I like the looks of the KM272 series - pretty sweet for the $$. Congrats!

  13. #12
    Registered User Kathy-a's Avatar
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    Default Re: REVIEW: Kentucky KM-272

    A great review. I love my KM 272. It has truly enhanced my mandolin journey. It looks and plays beautifully. It's affordable and fun to play and learn with. Purchased mine from Elderly since it comes setup. Totally agree with MikeZito - it's well worth taking a chance on.
    P.S. As a baseball fanatic-love your avatar!

  14. #13
    Registered User colorado_al's Avatar
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    Default Re: REVIEW: Kentucky KM-272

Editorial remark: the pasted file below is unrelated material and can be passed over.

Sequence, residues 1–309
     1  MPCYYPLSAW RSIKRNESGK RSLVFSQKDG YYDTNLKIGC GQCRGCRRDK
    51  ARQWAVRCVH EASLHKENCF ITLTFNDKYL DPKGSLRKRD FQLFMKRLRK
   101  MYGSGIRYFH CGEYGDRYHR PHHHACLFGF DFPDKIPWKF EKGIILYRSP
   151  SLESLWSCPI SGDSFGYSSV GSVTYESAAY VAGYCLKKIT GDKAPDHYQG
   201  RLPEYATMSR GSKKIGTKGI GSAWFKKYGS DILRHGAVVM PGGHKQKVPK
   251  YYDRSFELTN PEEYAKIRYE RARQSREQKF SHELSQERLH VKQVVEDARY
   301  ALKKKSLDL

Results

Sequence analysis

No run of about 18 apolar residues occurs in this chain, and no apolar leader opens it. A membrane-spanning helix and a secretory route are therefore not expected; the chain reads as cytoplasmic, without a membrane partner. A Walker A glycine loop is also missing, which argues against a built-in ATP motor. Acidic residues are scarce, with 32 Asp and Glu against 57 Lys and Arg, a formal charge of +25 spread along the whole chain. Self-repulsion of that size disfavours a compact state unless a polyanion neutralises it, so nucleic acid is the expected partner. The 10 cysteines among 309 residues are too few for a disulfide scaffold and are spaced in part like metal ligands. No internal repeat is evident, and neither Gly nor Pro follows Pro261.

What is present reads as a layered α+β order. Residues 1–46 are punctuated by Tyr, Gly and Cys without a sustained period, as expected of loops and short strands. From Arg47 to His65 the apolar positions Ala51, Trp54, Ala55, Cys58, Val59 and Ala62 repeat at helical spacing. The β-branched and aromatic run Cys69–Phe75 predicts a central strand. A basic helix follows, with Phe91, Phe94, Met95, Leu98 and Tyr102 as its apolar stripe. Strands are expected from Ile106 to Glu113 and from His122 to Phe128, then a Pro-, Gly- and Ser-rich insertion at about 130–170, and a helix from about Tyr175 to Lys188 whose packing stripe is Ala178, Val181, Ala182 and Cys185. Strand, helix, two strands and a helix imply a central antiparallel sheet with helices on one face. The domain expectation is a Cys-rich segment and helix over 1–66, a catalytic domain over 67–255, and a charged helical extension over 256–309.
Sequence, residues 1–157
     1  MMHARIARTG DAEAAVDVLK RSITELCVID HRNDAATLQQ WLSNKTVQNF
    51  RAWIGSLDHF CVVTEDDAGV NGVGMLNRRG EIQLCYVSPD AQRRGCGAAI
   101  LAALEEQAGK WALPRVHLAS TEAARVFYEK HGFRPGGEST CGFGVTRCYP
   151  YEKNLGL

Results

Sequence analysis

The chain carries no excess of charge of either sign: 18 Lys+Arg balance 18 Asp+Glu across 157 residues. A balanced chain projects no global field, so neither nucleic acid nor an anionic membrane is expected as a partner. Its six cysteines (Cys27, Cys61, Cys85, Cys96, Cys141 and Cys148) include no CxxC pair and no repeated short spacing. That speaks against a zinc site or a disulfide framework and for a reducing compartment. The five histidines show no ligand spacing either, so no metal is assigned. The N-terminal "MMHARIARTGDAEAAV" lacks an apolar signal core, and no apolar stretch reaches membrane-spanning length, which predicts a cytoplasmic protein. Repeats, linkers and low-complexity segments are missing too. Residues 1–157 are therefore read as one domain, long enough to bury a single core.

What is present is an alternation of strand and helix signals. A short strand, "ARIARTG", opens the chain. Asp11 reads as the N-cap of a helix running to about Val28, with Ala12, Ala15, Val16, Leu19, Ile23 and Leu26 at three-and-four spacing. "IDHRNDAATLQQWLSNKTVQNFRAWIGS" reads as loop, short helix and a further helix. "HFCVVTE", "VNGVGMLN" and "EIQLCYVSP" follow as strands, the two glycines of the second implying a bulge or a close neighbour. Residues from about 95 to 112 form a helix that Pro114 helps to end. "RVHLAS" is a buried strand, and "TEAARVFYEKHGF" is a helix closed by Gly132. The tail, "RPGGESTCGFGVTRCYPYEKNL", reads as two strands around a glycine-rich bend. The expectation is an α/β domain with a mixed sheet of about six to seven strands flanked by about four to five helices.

Thanks for this. I decided to buy one based on your recommendation. Backordered at the moment, unless I wanted the KM-270 which is the same build but a sunburst finish. I prefer a natural finish, so I placed the order on the KM-272 with Elderly. With their current price and holiday specials and free shipping, it came out under $340! Should be here sometime in mid January. Looking forward to comparing it to the Breedlove Crossover OO that I have.

  15. #14
    Some Ability - No Talent MikeZito's Avatar
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    Default Re: REVIEW: Kentucky KM-272

    Reviving an older thread by adding a recent audio/video sample. Hope it helps.

    https://www.youtube.com/watch?v=HeBMkN5YcC8
    - 1929 Martin Style 20
    - 2015 Washburn M1SDL
    - 2016 Kentucky KM-272
    - 2017 Gretsch 9350 Park Avenue